Bolton Children's Services recognises that, at any one time, approximately 20% of pupils may have special educational needs that require extra help at school. For the majority of these pupils their special educational needs will be met by their mainstream school, in line with the SEN Code of Practice. All schools have a designated member of staff, the SENCO (Special Educational Needs Co-ordinator), who has responsibility for special educational needs. Schools also have a special educational needs governor who has particular responsibility for the SEN Policy and ensuring its delivery.

There are a small proportion of pupils whose needs are so severe that they cannot be met by the resources available to mainstream schools and the support services available to them. These pupils will require a statement of special educational needs and may be placed in either a mainstream or a special school.

Inclusion and Statutory Assessment Service

The main functions of the service are concerned with the statutory assessment of children with special educational needs including:

  • completing statutory assessments
  • issuing statements of special educational needs
  • issuing notes-in-lieu
  • SEN tribunals and disagreement resolution
  • annual reviews
  • amendments to statements
  • re-assessment of special educational needs
  • allocation of resources to schools for children with special educational needs
  • admissions to special schools for statemented children
  • arrangements for primary to secondary phase transfers for statemented children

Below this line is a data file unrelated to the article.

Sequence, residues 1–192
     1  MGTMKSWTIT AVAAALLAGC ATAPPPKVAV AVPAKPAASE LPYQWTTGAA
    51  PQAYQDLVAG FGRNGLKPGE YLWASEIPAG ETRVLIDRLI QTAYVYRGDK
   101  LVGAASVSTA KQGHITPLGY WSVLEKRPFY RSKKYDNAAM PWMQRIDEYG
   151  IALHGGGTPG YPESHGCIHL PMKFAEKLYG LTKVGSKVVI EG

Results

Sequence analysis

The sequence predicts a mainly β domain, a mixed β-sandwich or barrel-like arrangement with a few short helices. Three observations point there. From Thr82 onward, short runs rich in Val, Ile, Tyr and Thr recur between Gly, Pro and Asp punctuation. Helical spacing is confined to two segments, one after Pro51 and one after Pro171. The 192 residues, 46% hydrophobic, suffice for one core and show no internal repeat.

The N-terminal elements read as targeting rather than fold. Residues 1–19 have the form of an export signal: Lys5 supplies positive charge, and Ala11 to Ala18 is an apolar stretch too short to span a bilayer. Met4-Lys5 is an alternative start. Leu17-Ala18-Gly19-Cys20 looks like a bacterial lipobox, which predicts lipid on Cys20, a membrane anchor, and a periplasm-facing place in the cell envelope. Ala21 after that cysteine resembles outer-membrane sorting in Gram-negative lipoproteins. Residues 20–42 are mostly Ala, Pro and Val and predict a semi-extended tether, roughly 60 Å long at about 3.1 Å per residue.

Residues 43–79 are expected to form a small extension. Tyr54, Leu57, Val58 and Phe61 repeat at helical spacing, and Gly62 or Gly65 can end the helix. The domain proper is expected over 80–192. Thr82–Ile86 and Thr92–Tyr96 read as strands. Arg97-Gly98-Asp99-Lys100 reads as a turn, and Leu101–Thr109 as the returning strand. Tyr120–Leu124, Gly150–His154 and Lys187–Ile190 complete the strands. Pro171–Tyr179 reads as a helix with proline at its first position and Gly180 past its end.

• provision of transport for children with special educational needs

Statutory assessment for special educational needs

If the school feels that your child's needs cannot be met by their resources and the resources available to them from the support services, the school will talk to you about making a request to the Local Authority to carry out a statutory assessment.  If you feel that your child's school or early education setting cannot provide all the extra help that your child needs, or your child is not making enough progress and so if falling further behind other children of the same age, you may as a parent also request a statutory assessment of your child's special educational needs.  You should always talk to your child's teacher or the SENCO before asking the Local Authority.

What is a statutory assessment?

This is a detailed investigation to find out exactly what your child's special educational needs are and what special help your child needs. The Local Authority will ask a number of professionals to give their views on your child. This could include asking advice from:

  • your child's school or setting
  • an educational psychologist
  • medical professionals
  • social care (who will only give advice if they know your child)
  • anyone else whose advice the Local Authority consider appropriate (e.g. Behaviour Support Service, Sensory Support Service, SEN Advisory Teacher, CAMHS)

You have the right to be present at any interview, medical or other test during the statutory assessment. The Local Authority will also ask you for your views and you should feel free to suggest any other people or organisations you know whose views may be helpful in the assessment of your child.

What will I need to do?

If you wish to request a statutory assessment of your child's special educational needs you can complete and return a parental request form, see downloads tab. If the school wishes to request a statutory assessment for your child you will be asked to give your written permission for the school to do so. If the local authority agrees to carry out a statutory assessment they will inform you in writing and you will be involved in the process and decision making. The Appendix A - Parental Advice form is only to be completed once the local authority initiates statutory assessment (a copy of this will be sent to you in the post).

Statement of special educational needs